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close this bookIntra-household Resource Allocation: Issues and Methods for Development Policy and Planning (United Nations University, 1990, 204 p.)
close this folderIII. Measurement of key variables
View the document(introduction...)
View the document9. Multiple group membership and intra-household resource allocation
Open this folder and view contents10. Time-allocation research: the costs and benefits of alternative methods
View the document11. Use of emic units for time-use recall
Open this folder and view contents12. Data on food consumption by high-risk family members: its utility for identifying target households for food and nutrition programmes
View the document13. Determinants the ability of household members to adapt to social and economic changes



The conceptual frameworks presented in part I identified a series of issues related to the question of how a proposed policy change or new programme might alter intrahousehold processes, and whether these alterations might affect the success of the project and the welfare of individuals involved, directly or indirectly, in the change. The following set of questions was derived from these frameworks as a way of organizing data collection for the analysis of project effects on households and individuals:

  1. Who will participate in the project's activities?
  2. Will the project require or cause a change in household structure, composition, or function?
  3. Will the project change any person's access to productive resources or any person's control over what is produced (including control over income from his/her labour)?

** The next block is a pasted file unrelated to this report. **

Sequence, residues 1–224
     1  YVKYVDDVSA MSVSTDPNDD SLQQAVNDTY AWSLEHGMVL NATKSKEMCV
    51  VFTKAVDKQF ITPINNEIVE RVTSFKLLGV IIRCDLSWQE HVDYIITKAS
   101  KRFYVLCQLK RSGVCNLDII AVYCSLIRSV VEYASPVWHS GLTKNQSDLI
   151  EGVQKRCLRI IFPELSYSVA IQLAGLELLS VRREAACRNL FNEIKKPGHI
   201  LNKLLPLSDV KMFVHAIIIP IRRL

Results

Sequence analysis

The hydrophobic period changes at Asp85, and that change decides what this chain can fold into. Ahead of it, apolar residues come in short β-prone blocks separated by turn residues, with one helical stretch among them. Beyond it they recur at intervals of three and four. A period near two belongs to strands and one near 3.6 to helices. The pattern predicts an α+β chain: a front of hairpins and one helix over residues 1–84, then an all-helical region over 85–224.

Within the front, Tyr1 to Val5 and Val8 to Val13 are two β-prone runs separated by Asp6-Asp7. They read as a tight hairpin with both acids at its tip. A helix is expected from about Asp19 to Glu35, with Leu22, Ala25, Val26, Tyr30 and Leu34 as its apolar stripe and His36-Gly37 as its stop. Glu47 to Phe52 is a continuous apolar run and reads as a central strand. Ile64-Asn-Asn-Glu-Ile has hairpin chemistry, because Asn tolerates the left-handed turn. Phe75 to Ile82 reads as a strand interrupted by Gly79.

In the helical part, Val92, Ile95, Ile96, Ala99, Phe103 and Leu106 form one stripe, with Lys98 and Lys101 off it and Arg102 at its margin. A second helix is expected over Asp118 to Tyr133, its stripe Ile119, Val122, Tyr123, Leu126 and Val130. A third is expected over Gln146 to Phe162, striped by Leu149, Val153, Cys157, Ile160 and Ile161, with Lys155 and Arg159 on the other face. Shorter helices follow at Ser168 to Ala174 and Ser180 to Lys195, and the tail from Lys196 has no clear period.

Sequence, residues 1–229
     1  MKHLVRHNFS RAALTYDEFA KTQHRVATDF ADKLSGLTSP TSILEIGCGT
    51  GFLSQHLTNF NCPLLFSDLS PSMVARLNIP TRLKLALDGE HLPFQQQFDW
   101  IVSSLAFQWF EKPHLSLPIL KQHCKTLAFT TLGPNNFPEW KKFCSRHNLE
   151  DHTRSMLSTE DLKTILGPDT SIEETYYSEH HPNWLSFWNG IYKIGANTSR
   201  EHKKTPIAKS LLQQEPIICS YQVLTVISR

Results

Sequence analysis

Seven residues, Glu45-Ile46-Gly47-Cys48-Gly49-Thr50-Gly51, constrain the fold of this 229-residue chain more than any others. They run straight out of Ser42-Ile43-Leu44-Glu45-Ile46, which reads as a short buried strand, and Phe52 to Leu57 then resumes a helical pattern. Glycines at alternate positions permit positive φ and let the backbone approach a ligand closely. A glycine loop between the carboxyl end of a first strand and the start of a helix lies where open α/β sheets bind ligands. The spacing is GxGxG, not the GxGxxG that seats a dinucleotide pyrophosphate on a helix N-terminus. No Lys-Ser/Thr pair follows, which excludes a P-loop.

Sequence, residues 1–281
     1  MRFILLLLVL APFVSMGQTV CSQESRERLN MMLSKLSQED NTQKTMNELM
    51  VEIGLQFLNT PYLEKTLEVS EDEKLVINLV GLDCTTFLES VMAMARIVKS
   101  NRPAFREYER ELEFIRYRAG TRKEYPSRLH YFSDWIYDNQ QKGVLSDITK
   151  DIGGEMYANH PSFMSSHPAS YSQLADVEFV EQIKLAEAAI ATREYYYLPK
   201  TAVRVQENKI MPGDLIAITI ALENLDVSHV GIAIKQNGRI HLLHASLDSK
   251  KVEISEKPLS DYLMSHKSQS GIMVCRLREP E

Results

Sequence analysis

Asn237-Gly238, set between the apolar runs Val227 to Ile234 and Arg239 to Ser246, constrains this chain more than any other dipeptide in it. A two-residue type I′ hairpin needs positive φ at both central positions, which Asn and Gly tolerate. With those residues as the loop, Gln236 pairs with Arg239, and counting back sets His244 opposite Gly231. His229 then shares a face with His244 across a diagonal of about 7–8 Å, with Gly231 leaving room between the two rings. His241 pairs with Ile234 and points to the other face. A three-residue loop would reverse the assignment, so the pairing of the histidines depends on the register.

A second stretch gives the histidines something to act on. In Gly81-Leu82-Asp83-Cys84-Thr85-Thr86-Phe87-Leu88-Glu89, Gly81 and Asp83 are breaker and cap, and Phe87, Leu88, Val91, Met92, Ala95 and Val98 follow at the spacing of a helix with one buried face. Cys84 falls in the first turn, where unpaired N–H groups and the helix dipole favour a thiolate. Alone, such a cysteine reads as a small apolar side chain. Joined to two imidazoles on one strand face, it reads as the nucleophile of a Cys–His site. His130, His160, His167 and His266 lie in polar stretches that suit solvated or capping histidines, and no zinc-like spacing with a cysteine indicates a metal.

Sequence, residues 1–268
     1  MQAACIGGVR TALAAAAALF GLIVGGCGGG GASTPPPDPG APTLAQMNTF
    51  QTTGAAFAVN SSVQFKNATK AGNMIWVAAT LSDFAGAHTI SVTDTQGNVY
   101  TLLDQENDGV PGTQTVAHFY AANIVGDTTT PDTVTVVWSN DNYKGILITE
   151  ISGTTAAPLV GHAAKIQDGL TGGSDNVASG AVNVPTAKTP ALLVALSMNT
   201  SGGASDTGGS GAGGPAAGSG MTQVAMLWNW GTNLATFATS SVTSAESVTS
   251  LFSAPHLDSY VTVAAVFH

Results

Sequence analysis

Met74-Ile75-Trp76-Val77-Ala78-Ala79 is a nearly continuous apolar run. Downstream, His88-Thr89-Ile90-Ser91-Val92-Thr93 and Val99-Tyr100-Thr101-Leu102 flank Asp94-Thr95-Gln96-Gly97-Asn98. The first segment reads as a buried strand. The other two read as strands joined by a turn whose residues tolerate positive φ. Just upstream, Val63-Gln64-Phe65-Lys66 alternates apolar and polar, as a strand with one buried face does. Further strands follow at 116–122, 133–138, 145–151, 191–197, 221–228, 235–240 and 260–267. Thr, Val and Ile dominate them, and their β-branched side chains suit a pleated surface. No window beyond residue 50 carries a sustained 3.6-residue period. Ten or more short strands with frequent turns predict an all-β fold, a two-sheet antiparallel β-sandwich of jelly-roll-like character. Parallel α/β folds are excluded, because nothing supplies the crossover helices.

4. Will the project affect any person's wage rate (returns to labour) or the rate of return to assets under any person's control?
  5. Will the project require changes in the inventory of tasks performed by household members, or in the organization of tasks?
  6. Will the project change the allocation of tasks among members or the time use of members?
  7. Will the project change any person's access to consumption goods (food, health care, education, etc.) which affect individual welfare?

The relevance of these questions to programme planning is discussed in part 1. The need to answer the first question should be self-evident: participants must first be identified before their behaviour can be predicted. The question of household structure is important because of the potential for resistance to or rejection of the project (see Safilios-Rothschild's paper in this section), and because it may indicate how project benefits may be dispersed. Fundamental changes in the household may also cause emotional stress, as discussed by Messer in part I and by Safilios-Rothschild in this section. Moreover, a change in household composition, such as male outmigration or the physical separation of nuclear from extended family units, may increase the work burden on remaining members (by reducing the possibilities for sharing tasks), the income on which they can draw, the resources available to them, and the possibilities for support during an emergency.